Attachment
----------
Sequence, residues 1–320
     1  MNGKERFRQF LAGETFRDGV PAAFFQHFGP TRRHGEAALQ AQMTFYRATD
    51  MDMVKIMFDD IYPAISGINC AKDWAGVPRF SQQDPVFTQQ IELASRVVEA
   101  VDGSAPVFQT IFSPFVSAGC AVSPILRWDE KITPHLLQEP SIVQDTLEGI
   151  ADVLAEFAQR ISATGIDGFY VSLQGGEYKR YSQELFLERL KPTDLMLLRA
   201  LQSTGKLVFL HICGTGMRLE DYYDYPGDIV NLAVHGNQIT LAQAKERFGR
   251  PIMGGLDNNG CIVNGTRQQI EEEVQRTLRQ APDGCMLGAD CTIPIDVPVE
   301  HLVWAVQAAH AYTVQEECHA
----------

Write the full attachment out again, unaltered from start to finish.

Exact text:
Sequence, residues 1–320
     1  MNGKERFRQF LAGETFRDGV PAAFFQHFGP TRRHGEAALQ AQMTFYRATD
    51  MDMVKIMFDD IYPAISGINC AKDWAGVPRF SQQDPVFTQQ IELASRVVEA
   101  VDGSAPVFQT IFSPFVSAGC AVSPILRWDE KITPHLLQEP SIVQDTLEGI
   151  ADVLAEFAQR ISATGIDGFY VSLQGGEYKR YSQELFLERL KPTDLMLLRA
   201  LQSTGKLVFL HICGTGMRLE DYYDYPGDIV NLAVHGNQIT LAQAKERFGR
   251  PIMGGLDNNG CIVNGTRQQI EEEVQRTLRQ APDGCMLGAD CTIPIDVPVE
   301  HLVWAVQAAH AYTVQEECHA